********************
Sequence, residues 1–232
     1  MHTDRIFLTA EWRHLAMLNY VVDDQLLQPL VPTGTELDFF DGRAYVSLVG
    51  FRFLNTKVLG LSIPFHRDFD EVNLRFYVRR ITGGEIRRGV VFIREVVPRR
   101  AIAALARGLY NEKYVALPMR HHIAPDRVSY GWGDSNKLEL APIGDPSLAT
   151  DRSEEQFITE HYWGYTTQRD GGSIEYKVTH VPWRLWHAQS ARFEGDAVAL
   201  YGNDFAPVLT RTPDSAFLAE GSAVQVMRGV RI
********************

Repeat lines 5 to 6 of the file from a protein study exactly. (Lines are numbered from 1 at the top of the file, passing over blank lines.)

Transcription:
   151  DRSEEQFITE HYWGYTTQRD GGSIEYKVTH VPWRLWHAQS ARFEGDAVAL
   201  YGNDFAPVLT RTPDSAFLAE GSAVQVMRGV RI